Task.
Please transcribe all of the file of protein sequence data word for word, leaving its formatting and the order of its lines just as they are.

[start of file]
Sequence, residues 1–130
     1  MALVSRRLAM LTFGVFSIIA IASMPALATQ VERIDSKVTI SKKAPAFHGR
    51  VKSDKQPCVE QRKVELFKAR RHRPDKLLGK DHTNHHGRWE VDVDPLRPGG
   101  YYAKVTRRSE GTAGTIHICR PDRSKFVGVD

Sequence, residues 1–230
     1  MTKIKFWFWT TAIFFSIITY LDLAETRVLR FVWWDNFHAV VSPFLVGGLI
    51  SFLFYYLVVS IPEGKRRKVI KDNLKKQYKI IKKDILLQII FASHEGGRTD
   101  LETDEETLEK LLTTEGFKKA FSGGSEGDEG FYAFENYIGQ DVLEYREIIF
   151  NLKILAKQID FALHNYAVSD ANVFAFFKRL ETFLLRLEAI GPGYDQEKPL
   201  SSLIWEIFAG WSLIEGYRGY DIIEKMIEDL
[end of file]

Sequence, residues 1–130
     1  MALVSRRLAM LTFGVFSIIA IASMPALATQ VERIDSKVTI SKKAPAFHGR
    51  VKSDKQPCVE QRKVELFKAR RHRPDKLLGK DHTNHHGRWE VDVDPLRPGG
   101  YYAKVTRRSE GTAGTIHICR PDRSKFVGVD

Sequence, residues 1–230
     1  MTKIKFWFWT TAIFFSIITY LDLAETRVLR FVWWDNFHAV VSPFLVGGLI
    51  SFLFYYLVVS IPEGKRRKVI KDNLKKQYKI IKKDILLQII FASHEGGRTD
   101  LETDEETLEK LLTTEGFKKA FSGGSEGDEG FYAFENYIGQ DVLEYREIIF
   151  NLKILAKQID FALHNYAVSD ANVFAFFKRL ETFLLRLEAI GPGYDQEKPL
   201  SSLIWEIFAG WSLIEGYRGY DIIEKMIEDL